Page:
It’s a family affair: Getting kids active in the kitchen

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Little-Girl-CookingHave you ever been preparing lunch or dinner and found yourself with a special guest asking to help? Whether it was the delicious smell or the pride of having helped prepare a family dinner, something brought your little one in to help with this task. Don’t take this lightly – there’s tremendous benefit to having your child help you in the kitchen. Not only is cooking a basic life skill that can be taken into adulthood, but it helps them build confidence, introduces them to the world of healthy eating and creates a special family bond.

Here are some tips for getting your little sous chef comfortable and in the kitchen:

  • Teach good hygiene. First things first, show your child the proper hygiene associated with cooking a meal. Wash your hands together (general rule of thumb: wash for 30 seconds, or the entire length of the “Happy Birthday” song) and pull long hair back into a ponytail.
  • Emphasize kitchen safety. Explain to young children that they are not to use sharp knives or scissors without your supervision. Tools like wooden spoons and spatulas are fair game!
  • Start with measurements and pours. Ease younger kids into the art of cooking by having them watch you measure ingredients, then allow them to pour those ingredients into a bowl. Allow older children to measure varying amounts of flour, sugar, rice, etc in a measuring cup. This is an opportunity to strengthen their mathematical skills by learning their measurements and conversions – this also shows how the math they’re learning in school can be used every day.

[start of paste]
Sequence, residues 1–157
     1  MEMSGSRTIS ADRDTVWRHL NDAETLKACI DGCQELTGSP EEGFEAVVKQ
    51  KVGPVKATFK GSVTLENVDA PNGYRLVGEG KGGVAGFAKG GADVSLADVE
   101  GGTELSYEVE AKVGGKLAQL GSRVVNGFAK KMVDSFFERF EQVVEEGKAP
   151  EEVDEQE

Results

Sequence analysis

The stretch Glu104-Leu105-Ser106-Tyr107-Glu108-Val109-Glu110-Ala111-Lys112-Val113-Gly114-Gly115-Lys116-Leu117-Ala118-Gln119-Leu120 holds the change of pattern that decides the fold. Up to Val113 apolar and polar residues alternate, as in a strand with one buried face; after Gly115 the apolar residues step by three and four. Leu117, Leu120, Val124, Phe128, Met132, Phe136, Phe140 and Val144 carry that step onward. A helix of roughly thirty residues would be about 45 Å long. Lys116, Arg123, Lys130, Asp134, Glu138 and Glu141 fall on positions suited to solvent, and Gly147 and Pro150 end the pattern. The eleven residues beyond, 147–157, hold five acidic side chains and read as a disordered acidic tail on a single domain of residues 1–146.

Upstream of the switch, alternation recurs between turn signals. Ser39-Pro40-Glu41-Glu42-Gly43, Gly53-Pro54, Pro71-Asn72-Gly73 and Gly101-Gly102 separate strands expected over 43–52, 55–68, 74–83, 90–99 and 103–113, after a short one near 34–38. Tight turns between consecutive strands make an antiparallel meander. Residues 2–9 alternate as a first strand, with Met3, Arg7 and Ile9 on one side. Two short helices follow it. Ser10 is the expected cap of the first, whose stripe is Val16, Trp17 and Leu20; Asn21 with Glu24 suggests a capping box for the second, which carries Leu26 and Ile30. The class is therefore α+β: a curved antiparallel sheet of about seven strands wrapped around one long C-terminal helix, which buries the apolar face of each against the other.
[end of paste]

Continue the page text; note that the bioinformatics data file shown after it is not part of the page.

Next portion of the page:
• Rinse fruits and veggies. Show your three year old how to clean fruits and veggies, then give them the responsibility of washing off foods like broccoli, carrots, apples and grapes. From this, they will develop healthy habits as it pertains to the handling of their food.
  • Peel, cut and roll. Children between the ages of four and five are strengthening their motor skills, so they can be given responsibilities like peeling and cracking eggs, whisking and stirring liquids, using a plastic knife to slice soft foods and rolling out dough.
  • Keep it clean. Children of all ages can help with kitchen clean up before and after the meal. Smaller children can help sweep crumbs off the floor and wipe up spills. Older children can use nontoxic cleaning materials to clean countertops and wash dishes or load dishes into the dishwasher after the meal.